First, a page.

Last year, cast and crew from “The Godfather” and “The Godfather Part II” got together for a screening for the two films and a panel for the closing night of the Tribeca Film Festival — a festival that was started by “Godfather: Part II” star Robert De Niro.
De Niro, Diane Keaton, Al Pacino, James Caan, Robert Duvall, Talia Shire, and director Francis Ford Coppola were all on the panel honouring the 45th anniversary of “The Godfather. Director Taylor Hackford led the conversation.
Here’s what you didn’t know about the “Godfather” movies, from the panel at the Tribeca Film Festival:
'I was disappointed in the book when I first read it because it's very long,' the director said.
Al Pacino recalled that the studio didn't even want him to play Michael Corleone -- they wanted Robert Redford.
'The studio didn't want me after they hired me,' Pacino said. 'I was living on 90th and Broadway at the time. I walked to the Village and back. I did it every day, thinking about this role. Just thinking where I could go with it. I came, and started filming it. I was dizzy. I was new to film. We were theatre actors.'
'I always felt like I was the most outsider, weird person,' she said. 'Like, why was I cast again? But then I had a couple good scenes with Al.'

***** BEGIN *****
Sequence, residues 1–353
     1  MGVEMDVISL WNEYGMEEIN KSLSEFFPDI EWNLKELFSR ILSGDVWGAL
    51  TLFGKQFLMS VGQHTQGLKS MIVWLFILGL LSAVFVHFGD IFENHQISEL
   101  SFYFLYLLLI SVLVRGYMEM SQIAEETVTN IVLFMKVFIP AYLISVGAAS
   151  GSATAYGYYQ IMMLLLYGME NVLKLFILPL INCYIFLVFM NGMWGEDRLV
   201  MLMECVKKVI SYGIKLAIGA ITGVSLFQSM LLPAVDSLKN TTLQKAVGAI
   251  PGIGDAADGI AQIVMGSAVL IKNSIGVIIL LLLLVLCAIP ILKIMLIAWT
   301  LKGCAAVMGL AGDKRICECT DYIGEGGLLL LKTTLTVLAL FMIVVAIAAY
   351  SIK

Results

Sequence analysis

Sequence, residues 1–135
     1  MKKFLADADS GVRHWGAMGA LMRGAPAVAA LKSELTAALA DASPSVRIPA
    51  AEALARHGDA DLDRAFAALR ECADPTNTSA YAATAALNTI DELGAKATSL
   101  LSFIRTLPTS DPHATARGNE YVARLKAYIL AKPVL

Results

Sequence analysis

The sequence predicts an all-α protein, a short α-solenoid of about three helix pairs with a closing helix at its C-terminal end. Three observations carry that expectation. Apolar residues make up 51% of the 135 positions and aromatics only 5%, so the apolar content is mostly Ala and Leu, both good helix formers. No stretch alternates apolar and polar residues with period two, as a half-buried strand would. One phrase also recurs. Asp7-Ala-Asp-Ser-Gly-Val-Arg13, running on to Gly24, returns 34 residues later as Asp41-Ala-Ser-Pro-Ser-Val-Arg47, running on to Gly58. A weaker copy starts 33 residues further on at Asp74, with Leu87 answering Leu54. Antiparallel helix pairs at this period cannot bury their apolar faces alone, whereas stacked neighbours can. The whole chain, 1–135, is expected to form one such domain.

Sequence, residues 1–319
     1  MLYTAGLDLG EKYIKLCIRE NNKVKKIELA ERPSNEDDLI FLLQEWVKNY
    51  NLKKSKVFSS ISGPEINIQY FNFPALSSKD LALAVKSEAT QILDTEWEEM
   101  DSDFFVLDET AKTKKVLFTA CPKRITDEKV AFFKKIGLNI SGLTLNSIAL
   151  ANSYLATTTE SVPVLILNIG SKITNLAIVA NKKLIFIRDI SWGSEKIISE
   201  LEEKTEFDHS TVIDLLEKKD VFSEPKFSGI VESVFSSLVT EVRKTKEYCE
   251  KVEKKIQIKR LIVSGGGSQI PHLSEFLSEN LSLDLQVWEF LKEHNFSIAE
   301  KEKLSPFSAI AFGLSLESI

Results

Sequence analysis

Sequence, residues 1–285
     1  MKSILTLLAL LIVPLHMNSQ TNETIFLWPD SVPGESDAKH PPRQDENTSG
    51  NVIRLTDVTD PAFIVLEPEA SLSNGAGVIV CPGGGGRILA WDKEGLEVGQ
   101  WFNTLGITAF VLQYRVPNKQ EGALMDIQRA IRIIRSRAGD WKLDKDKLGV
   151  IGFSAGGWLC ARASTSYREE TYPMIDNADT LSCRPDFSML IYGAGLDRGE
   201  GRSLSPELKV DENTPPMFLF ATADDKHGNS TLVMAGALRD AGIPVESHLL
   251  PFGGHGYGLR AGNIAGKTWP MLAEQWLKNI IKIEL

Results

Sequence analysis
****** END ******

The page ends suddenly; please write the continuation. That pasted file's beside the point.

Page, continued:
'We got so loaded after that wedding sequence,' Pacino said. 'We were theatre actors, and we were not used to film. The whole thing had sort of a surreal feel to it. So we got back and started drinking.'
Actors Robert Duvall and James Caan reminisced about the fun times they had on the set. They would try their hardest to make their very serious cast member Marlon Brando laugh.
'During the wedding scene, we were all mooning each other,' Duvall said.
To prepare for his role as the young Vito Corleone, De Niro studied Brando's performance by watching the first film over and over again.
'I looked at the footage in a scientific way. I had to find spots where I could imitate what he was doing. I enjoyed it,' De Niro said.
Talia Shire, who played Connie Corleone and is Coppola's sister in real life, was the one who came up with the idea that Diane Keaton's character should have an abortion.
Keaton was visibly taken aback upon learning this revelation about the origin of her character's story.
Coppola doesn't think the any of the movies could be made today, at least based on how studios work.
'This film could be made today, but it wouldn't get a go-ahead from a studio,' the director said. 'The first film was made for about $US6.5 million. The second was made for $US11 or $US12 million. It would never get a green light today.'
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